The allegations include Twitter hiding anti-Democratic hashtags, pro-Clinton bias in Google search results, YouTube shutting down conservative channels, and firms relying on “radical leftist organizations” like the SPLC and the Anti-Defamation League to identify hate speech. The MRC also complained that current content-flagging systems could be gamed by liberal activists and warned that failure to treat liberal and conservative content equally could prompt government regulation.

Some reject the premise that Facebook is intentionally suppressing conservative thought. ThinkProgress, the news site of the liberal Center for American Progress, conducted an extensive review of Diamond and Silk’s Facebook performance data and found no evidence they were victims of discrimination.

According to the site, Crowdtangle data showed total interactions on the duo’s Facebook page were relatively steady over the last year and reached their highest levels after the alleged censorship began. During the same period, some liberal-leaning sites that also post videos saw their interactions drop.

Looking solely at video views, ThinkProgress observed Diamond and Silk’s monthly total did fall by 2.3 million between March 2017 and March 2018, but MSNBC host Rachel Maddow’s page showed an even larger 4.8 million drop.

Social media analysis company Newswhip conducted a study in 2017 that found three times more conservative publishers than liberals on Facebook and calculated the conservative material received 2.5 times more engagement. Breitbart, the Independent Journal Review, The Blaze, Daily Caller, Daily Wire and Gateway Pundit were among conservative outlets far outperforming liberal news sites on the platform.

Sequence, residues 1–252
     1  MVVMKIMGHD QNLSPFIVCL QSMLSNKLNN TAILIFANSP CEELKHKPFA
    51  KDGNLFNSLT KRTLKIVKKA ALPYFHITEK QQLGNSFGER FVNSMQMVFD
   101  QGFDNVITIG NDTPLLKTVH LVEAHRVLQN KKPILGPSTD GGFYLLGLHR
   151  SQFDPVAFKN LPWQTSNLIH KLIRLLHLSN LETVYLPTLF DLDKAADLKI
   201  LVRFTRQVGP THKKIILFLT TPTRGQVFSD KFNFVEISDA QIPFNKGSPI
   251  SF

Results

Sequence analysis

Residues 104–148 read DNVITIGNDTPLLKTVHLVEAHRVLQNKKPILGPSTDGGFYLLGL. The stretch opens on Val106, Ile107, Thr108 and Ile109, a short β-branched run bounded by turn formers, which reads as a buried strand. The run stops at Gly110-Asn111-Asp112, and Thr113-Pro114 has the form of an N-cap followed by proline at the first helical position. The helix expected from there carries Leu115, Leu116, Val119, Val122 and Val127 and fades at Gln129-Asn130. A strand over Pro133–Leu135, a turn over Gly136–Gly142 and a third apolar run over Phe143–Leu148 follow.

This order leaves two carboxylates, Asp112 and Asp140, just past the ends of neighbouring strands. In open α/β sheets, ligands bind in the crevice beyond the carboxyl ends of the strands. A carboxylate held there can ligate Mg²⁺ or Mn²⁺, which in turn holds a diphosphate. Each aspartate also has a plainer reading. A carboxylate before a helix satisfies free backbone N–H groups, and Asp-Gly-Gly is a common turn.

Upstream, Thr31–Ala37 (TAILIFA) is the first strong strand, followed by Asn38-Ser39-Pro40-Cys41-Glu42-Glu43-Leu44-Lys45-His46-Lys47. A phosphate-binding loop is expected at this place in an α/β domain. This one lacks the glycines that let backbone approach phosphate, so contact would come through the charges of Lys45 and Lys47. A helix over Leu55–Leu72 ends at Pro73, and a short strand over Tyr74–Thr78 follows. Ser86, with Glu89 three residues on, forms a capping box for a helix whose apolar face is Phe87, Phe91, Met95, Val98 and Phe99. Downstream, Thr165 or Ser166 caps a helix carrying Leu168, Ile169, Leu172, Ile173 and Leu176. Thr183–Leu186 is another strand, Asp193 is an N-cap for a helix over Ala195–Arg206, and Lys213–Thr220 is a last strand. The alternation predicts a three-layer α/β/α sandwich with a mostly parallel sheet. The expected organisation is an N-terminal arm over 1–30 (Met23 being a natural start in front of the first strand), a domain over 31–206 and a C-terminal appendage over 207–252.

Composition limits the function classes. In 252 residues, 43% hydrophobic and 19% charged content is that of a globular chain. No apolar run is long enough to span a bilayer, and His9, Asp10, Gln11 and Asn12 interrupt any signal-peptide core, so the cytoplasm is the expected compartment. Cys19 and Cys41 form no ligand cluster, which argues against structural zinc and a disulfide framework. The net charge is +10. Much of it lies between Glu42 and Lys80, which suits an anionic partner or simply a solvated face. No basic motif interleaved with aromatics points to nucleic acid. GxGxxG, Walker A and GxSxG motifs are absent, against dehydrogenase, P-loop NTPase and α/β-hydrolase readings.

Facebook faced similar bias allegations in 2016 when content curators for the site’s “trending topics” section were accused of deliberately favoring liberal media outlets over conservative ones. Former curators told Gizmodo conservative topics and sources were often omitted because decisions were subject to the personal biases of staffers, many of whom were young liberal journalists.

Though the claims sparked an overhaul of the trending section, the company conducted an internal investigation and found no actual evidence of bias.

The new focus on trusted media outlets is only one step Facebook is now taking to address its fake news problem. Zuckerberg told executives Tuesday the company is also investing billions of dollars in artificial intelligence and human moderators to spot false stories and propaganda.

Given the unending controversy over the manipulation and exploitation of social media during the 2016 campaign, Martin said outlets across the ideological spectrum should be grappling with the changing nature of information and the challenge of preventing the spread of misinformation.

“When conservatives say automatically this means we’ll get the short end of the stick, they have to be careful not to exempt themselves from doing the necessary work to fix an urgent problem,” Martin said.